Photo courtesy of city of Tempe

Tempe continues to accelerate its homeless response, with strategies to enhance emergency shelter, increase longer-term support through case management, and expand job opportunities for individuals experiencing homelessness.

At the same time, Tempe’s 24/7 outreach model is successfully helping people access emergency shelter and housing, reconnect with family, connect with medical care, and recover vital documents needed to help end their homelessness. Through approximately 14,000 engagements, approximately 1,000 people have been helped off the streets in just over a year.

“In Tempe, we are heavily invested in the health and wellbeing of our unsheltered population and the broader community,” says Mayor Corey Woods. “Working together with our residents, business community, and nonprofit partners, we are continually enhancing our response to meet more needs and make homelessness a rare, brief, and one-time experience.”

Expanding Tempe Works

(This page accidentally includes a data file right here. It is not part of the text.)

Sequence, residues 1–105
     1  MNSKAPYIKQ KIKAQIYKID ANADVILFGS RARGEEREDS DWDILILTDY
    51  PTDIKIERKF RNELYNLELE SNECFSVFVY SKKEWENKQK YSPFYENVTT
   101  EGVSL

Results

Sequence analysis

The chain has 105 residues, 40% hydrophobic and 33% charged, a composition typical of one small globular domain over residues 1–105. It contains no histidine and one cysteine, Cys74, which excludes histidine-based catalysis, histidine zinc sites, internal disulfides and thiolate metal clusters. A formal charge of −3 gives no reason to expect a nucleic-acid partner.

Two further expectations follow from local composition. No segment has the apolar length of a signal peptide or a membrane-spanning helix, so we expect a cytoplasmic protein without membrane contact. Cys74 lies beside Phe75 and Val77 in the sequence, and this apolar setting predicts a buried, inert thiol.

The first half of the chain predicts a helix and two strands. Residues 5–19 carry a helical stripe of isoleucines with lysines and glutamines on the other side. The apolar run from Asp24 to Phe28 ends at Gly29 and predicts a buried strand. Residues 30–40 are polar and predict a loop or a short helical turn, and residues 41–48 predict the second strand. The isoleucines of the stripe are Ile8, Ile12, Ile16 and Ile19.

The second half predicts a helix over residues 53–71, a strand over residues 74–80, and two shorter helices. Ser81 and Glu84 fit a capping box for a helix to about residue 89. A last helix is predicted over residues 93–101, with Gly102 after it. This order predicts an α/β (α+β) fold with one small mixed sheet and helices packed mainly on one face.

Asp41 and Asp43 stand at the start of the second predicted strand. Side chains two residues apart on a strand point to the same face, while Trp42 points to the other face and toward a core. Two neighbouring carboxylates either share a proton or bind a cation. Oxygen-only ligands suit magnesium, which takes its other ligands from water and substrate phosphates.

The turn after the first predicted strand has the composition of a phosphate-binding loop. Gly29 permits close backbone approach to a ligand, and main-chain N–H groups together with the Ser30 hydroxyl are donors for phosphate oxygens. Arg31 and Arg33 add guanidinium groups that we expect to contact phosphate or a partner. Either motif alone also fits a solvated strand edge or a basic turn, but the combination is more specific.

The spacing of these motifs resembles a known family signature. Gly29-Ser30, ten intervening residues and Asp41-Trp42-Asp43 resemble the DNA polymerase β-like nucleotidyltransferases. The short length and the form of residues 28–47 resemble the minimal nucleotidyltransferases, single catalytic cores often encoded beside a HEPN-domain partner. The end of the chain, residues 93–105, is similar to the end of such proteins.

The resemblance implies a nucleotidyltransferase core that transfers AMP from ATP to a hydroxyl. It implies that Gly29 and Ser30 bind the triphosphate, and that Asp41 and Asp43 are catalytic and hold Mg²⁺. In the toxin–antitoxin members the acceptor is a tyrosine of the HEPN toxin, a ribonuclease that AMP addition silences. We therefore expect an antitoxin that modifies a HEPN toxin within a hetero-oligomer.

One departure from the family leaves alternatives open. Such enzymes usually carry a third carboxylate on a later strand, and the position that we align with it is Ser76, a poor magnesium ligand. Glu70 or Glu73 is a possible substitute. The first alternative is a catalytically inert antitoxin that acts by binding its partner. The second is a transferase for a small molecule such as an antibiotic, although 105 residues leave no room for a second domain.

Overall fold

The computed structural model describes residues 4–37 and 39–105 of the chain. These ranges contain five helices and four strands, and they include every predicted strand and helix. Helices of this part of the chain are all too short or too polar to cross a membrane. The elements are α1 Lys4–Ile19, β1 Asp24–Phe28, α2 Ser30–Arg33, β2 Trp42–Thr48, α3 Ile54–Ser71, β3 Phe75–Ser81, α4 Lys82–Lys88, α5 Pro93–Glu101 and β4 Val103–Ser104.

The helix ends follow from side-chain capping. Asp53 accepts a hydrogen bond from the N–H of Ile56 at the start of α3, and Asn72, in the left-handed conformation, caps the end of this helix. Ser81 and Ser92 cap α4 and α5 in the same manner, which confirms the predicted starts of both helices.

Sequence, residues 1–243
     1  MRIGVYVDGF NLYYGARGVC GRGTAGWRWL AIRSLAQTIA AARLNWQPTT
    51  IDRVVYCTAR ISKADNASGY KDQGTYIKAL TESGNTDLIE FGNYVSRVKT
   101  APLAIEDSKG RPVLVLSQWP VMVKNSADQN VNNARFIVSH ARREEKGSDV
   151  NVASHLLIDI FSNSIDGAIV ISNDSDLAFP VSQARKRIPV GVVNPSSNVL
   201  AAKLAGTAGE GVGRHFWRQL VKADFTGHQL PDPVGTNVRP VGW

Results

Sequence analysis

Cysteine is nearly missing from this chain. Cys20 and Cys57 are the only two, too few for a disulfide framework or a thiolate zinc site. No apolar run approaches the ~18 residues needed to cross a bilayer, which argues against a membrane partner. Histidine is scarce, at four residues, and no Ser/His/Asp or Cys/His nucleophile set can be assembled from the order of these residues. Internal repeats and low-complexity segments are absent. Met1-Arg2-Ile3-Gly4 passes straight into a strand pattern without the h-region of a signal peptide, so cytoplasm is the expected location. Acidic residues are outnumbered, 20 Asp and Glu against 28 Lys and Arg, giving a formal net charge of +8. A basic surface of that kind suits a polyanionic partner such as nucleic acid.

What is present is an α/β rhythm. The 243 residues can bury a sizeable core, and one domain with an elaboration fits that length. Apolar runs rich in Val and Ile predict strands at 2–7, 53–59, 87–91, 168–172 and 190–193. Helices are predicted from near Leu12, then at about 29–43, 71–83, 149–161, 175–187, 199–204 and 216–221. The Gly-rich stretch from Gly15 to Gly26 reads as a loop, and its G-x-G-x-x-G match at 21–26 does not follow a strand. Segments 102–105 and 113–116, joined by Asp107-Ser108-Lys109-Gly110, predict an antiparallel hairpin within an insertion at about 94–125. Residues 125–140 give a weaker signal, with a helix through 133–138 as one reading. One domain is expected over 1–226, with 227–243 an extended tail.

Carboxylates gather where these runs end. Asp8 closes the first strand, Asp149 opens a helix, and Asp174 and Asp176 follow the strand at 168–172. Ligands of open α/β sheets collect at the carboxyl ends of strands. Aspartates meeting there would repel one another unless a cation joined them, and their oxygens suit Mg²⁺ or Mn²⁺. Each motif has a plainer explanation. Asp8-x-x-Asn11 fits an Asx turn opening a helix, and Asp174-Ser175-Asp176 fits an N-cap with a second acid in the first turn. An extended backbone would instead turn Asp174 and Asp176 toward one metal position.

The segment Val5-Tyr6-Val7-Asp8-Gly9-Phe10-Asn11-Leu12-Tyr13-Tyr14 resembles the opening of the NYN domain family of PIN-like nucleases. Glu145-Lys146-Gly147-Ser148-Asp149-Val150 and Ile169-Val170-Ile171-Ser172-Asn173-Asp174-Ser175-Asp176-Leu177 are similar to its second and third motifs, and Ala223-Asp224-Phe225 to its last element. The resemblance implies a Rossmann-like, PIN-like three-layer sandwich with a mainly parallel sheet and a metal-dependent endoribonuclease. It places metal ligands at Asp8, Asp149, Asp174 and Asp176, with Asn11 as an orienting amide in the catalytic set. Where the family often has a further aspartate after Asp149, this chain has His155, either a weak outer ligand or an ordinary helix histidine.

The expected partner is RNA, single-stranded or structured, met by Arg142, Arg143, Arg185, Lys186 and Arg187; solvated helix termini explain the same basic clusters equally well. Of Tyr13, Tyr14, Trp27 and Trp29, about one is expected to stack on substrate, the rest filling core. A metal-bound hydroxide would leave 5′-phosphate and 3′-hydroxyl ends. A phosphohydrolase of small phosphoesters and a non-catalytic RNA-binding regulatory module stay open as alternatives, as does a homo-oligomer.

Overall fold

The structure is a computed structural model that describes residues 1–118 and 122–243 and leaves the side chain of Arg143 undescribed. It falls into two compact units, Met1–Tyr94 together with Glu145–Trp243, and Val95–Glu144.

Tempe Works connects unsheltered people with city jobs in Municipal Utilities and Community Services. Through the program, they can get help accessing shelter, housing, and social services. Established in 2017, Tempe Works is actively seeking local employers to expand jobs. Adding new opportunities means more pathways out of homelessness for people like Jeffery Wessell, 63, a Tempe Works graduate who now has housing and works 40 hours a week for the city.

A serious back injury left the truck driver unable to work and pay his rent. He dipped into retirement and scraped by with help from family and friends, but ultimately was evicted. After years of steady employment and independence, Wessell found himself living in his truck in Tempe. He connected with I-HELP, a nonprofit Tempe shelter program, and then the city’s Tempe Works jobs program.

After working for Municipal Utilities, he graduated from Tempe Works and began another job with the city, helping maintain the Double Butte Cemetery and assisting with funeral services. His steady paycheck covers rent for a one-bedroom apartment – and buys peace of mind.

“I have my own little space and I’m trying to get back on my feet,” Wessell says. “It’s nice. I can stretch out, put my feet up. I have my television. I can fix meals. I can take a shower anytime I want. I can go wash my clothes and not carry them around with me and wait for the opportunity to exist.”

“I can relax. I don’t have as much on my mind,” he says. “I didn’t know if I’d be able to work again because of the condition of my back. It feels good.”

Employers interested in Tempe Works can contact program coordinator Lilliana Urenda at [email protected].